Were there key lessons that he picked up at these firms?
Joshi says that with Cyril Shroff, among many things, he learned to think outside the box. Typically when it came to a transaction it would work like this: First thing was that there’s a term sheet, followed by a share purchase agreement, and other documents keep coming, they are all sent out on a computer, and come to you and then lawyers start marking them up and making changes and so on. “But we don’t subconsciously realise that you are only thinking within the confines of the document given to you. A transaction is not the document. The transaction is outside the document and we have to look outside, assess facts, circumstances, objectives and the law, and then plunge into the document. One look from a few feet above at the transaction to get the plot and the landscape is a must, but most don’t do that and instead only work within the confines of a document. So, at Amarchand, I was taught to think without boundaries, and to step out,” he says. “There is always an idea that has not been captured. We’ve got to keep thinking. As they say, ‘A draft follows a thought, a thought cannot follow a draft.’ That was the biggest learning at Amarchand.”
The lessons he learned at AZB, where he was for 14 years, were equally vital. “The takeaway from there was that unless I go through the commas and the full stops and every little article and clause, I might miss something because the devil is always in the detail. So that detailing which only comes by going back to a document and the law again and again and again and making it perfect is what I learned at AZB.”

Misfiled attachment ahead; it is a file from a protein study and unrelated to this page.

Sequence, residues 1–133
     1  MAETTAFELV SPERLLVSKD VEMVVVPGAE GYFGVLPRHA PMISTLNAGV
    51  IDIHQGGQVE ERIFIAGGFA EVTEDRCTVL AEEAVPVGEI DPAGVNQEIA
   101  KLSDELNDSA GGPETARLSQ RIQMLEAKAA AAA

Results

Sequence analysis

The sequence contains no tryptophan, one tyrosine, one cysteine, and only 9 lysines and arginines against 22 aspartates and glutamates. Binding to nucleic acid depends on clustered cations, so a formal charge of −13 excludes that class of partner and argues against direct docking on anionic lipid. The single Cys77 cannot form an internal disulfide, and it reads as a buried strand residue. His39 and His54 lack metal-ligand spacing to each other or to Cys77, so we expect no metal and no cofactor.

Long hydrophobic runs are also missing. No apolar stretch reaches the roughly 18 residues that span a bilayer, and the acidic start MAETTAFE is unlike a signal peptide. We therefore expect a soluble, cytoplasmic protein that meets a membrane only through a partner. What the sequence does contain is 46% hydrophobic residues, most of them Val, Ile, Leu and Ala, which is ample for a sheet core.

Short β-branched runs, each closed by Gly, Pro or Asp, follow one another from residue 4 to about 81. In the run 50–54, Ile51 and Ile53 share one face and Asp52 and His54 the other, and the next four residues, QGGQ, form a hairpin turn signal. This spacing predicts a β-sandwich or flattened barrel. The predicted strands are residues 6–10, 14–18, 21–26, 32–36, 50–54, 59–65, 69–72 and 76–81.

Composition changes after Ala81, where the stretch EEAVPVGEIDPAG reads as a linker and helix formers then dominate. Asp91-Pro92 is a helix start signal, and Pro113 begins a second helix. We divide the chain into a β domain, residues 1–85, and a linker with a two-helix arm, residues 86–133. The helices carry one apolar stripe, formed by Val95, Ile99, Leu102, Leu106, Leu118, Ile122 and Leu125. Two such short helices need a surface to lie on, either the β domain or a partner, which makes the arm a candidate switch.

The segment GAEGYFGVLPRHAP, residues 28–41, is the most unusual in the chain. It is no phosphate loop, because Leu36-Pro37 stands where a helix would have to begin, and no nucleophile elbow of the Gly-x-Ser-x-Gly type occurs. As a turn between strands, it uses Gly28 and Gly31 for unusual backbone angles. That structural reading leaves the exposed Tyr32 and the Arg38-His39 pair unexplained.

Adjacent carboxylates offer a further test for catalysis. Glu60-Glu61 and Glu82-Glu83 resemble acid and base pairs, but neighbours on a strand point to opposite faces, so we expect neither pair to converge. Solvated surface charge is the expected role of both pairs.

By the time he was wrapping up at AZB, Joshi had entered his late forties – 46-years-old to be precise. He was of the opinion that if he was to ever start a venture of his own it would have to be then or never.
Obviously, it was a law firm that Joshi had in mind given his experience over the last two decades but what was he going to call it? Abhijit Joshi & Partners? “So, one thing I was clear about was that I didn’t want to use my name. In your career, you learn a few things about what to do, and what not to do. I did not want to have the goodwill accredited only to me. It would have to belong to the firm.”
So why did he start Veritas – was it the chase for fame or the attraction of greater lucre? “There was always an entrepreneur in me” is his somewhat simplistic but honest response. So he ended up calling the firm Veritas which had its own little backstory.
From November 2014 to around February of 2015, he was operating alone. “And then we had a big client who came to me with a giant transaction, and I was all alone. And they said that, you know, would you do it? And Joshi again said, “I’m all alone.”